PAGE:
We report on the synthesis of a polyfluorene derivative, PFO(X), with furan pendant groups capable of Diels-Alder crosslinking with a maleimide containing small molecule passive crosslinker (PC) and a maleimide containing red emitting donor-acceptor-donor dopant molecule, bE-BTD(X). It was initially intended that a blend of these three components would afford a system where the dopant concentration could be increased to the point where complete energy transfer from the host polymer to the emissive dopant would be achieved. Because such systems often suffer from quenching and shifts in emission maxima indicative of emitter aggregation, it was hypothesized that crosslinking the emissive dopant with the host polymer would lead to de-aggregation of the dopant emitter. In thin films of PFO(X) and bE-BTD(X), a 16 nm bathochromic shift is observed in the emission maximum when the dopant concentration is increased from 1% to 8%, suggesting that the dopant is aggregating. In similar films where PC is included and the film is heated to affect crosslinking, a comparable 16 nm shift in the emission maximum is observed indicating that aggregation is still occurring and not affected by the heating step. Similar decreases in luminance are observed independent of whether the heating step is included. Not unexpectedly, however, crosslinking does afford an insoluble network that allows for the subsequent solution deposition of additional layers. When an electron transport layer (ETL) is used in PFO(X)/PC devices, increases of 190% and 490% are observed in luminance and luminous efficiency, respectively, relative to devices without an ETL indicating that this Diels-Alder crosslinkable system is amenable to multilayer deposition by solution methods. When bE-BTD(X) is included as the dopant emitter, similar increases in luminance and luminous efficiency are observed with the ETL included compared to devices where this layer is omitted.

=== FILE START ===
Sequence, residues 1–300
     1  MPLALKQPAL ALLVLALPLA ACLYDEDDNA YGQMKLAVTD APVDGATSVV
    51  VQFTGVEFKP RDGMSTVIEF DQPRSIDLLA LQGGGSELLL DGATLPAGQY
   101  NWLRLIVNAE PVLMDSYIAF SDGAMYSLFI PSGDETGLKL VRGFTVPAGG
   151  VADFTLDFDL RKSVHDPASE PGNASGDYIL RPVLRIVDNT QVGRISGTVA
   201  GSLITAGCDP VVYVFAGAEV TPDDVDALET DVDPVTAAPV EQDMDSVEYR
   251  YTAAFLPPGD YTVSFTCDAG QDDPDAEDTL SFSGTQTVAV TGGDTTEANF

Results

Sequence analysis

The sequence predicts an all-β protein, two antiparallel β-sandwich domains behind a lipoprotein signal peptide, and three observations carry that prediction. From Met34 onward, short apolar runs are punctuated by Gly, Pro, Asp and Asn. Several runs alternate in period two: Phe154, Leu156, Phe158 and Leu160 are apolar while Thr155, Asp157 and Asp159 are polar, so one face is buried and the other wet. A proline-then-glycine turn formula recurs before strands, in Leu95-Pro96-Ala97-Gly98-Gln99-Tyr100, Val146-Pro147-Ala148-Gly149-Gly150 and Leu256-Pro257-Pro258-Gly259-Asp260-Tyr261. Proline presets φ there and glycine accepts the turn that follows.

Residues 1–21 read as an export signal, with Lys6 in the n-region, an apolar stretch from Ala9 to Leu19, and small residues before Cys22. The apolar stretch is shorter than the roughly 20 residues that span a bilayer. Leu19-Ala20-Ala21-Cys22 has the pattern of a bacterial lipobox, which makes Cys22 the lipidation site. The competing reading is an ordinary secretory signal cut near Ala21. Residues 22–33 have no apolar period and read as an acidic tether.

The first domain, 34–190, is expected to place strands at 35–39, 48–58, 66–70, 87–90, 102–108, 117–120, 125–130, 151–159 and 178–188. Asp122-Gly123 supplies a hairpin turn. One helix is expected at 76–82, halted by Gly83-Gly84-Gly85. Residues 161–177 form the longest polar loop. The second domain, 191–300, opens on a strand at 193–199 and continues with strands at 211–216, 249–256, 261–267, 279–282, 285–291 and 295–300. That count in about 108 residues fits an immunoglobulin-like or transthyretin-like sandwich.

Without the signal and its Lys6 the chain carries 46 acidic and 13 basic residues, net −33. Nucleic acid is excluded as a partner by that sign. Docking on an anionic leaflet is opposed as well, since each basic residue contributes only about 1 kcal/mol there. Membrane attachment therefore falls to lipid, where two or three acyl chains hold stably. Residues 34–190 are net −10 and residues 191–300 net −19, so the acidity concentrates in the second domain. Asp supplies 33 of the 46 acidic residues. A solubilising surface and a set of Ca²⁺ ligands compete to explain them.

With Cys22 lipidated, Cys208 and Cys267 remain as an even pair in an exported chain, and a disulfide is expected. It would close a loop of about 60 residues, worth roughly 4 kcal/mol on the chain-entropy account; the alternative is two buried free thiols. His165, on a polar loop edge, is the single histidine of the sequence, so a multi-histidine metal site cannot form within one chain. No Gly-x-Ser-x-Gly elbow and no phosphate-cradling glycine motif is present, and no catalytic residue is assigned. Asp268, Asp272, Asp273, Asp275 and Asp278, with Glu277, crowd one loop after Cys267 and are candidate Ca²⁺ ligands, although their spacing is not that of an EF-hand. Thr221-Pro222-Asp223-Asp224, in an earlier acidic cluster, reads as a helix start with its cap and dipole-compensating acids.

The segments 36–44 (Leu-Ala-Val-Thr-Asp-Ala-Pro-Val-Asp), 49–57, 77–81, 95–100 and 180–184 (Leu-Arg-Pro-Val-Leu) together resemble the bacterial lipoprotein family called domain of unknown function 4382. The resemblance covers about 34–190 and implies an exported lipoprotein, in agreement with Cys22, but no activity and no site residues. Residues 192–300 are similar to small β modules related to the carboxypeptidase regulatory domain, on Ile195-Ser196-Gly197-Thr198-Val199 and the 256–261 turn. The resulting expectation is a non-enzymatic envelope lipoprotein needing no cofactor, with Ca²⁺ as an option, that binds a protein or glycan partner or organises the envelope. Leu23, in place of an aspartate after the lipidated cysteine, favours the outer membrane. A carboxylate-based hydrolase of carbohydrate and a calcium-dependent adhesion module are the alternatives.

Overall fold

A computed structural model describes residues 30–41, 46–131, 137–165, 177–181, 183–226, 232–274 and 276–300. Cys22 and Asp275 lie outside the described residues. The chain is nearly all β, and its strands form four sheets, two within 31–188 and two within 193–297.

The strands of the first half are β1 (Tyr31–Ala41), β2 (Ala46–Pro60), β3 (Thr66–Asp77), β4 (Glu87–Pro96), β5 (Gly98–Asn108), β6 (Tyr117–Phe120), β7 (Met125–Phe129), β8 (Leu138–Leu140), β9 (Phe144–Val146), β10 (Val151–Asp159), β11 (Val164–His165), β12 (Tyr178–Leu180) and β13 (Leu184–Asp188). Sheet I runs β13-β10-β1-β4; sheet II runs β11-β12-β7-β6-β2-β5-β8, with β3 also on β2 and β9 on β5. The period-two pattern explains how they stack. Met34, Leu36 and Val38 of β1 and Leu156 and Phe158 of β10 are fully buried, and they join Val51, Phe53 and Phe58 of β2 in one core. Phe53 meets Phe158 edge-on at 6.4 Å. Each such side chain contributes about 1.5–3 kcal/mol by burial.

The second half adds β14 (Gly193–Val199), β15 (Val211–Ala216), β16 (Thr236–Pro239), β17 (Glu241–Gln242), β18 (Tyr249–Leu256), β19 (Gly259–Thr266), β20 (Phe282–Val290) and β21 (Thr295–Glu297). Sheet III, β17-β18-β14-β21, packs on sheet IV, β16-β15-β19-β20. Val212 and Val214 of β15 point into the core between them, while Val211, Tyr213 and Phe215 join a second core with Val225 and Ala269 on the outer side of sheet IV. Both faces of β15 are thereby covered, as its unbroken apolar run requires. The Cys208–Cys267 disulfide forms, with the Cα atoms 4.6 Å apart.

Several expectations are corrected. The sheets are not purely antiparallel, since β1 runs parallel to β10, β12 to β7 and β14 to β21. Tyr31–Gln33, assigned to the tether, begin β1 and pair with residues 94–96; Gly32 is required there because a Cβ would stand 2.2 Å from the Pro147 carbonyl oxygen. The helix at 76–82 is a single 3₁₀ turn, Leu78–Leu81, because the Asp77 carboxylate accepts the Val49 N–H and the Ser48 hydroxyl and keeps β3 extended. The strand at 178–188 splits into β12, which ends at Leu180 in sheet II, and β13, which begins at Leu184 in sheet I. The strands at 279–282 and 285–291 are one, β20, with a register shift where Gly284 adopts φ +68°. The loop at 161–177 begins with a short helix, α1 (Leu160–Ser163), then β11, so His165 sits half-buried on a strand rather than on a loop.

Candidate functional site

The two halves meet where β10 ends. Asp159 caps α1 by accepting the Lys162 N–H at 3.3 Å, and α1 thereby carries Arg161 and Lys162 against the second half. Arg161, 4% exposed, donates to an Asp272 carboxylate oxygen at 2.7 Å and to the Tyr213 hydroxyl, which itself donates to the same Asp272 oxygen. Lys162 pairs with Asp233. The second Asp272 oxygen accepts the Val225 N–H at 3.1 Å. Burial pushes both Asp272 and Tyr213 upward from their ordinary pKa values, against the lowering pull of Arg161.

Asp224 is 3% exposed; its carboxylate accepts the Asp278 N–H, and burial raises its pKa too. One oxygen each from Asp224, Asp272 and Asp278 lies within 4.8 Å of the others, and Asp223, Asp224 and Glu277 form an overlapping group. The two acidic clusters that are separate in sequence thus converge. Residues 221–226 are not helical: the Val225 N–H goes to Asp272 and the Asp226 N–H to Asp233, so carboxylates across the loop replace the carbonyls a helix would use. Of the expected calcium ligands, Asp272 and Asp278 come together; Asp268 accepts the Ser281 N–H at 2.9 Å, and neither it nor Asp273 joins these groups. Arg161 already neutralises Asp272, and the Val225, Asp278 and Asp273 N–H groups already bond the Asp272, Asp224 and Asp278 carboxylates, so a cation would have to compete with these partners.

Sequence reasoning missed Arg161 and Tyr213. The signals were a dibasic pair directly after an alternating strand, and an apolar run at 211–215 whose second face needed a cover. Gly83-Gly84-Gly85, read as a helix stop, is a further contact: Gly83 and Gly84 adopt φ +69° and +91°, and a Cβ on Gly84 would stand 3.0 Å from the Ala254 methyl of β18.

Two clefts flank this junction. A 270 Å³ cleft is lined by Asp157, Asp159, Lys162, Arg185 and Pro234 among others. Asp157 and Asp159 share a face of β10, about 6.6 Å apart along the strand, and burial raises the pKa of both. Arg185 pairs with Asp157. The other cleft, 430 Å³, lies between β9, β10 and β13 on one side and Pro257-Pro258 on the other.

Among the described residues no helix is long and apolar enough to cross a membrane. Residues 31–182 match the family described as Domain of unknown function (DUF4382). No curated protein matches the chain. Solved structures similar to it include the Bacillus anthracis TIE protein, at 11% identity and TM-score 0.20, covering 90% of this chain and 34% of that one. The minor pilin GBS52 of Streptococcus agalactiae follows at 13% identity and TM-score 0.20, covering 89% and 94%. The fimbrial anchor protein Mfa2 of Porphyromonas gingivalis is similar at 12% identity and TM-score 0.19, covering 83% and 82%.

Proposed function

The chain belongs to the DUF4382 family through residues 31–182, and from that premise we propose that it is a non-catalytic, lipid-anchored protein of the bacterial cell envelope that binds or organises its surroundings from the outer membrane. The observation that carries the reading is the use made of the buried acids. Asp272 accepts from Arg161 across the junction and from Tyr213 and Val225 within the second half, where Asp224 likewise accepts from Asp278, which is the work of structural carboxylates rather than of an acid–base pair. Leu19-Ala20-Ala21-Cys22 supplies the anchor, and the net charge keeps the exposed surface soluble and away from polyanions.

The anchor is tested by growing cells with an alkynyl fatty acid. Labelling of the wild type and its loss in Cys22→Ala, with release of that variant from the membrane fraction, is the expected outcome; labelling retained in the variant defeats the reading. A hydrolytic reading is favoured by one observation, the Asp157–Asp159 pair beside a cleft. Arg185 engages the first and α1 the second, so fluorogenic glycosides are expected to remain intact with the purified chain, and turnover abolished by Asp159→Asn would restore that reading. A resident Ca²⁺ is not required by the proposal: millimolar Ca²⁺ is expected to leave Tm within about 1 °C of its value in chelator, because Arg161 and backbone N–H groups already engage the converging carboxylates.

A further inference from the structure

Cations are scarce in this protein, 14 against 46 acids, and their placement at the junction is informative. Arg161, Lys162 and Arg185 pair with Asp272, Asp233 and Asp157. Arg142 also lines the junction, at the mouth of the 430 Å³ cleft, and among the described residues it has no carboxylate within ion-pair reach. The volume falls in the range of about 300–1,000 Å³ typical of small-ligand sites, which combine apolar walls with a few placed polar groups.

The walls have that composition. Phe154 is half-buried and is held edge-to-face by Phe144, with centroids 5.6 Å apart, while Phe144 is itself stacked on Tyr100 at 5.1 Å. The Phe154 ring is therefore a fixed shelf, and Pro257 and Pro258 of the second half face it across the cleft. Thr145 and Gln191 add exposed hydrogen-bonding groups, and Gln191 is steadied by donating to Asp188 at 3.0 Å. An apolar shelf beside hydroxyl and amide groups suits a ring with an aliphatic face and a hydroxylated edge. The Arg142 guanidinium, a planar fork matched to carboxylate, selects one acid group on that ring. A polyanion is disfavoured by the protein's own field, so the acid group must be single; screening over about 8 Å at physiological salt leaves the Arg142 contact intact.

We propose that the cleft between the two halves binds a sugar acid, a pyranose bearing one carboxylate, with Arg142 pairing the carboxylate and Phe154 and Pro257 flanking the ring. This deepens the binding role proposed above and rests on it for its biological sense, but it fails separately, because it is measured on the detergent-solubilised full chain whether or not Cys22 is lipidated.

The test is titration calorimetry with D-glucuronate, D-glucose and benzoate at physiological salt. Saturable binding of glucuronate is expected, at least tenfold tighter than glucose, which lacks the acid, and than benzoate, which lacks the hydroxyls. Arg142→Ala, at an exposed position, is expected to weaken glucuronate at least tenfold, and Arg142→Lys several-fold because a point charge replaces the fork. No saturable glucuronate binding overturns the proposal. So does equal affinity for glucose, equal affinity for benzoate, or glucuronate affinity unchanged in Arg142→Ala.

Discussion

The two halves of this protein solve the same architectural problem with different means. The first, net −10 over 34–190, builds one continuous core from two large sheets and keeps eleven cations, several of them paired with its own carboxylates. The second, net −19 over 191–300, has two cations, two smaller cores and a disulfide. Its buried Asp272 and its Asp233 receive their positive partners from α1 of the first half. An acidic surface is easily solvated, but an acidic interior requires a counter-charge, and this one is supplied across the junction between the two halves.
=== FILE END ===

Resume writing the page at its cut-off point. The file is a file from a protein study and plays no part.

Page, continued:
|Number of pages||11|
|Journal||Journal of Materials Chemistry|
|State||Published - Feb 21 2012|
ASJC Scopus subject areas
- Chemistry (all)
- Materials Chemistry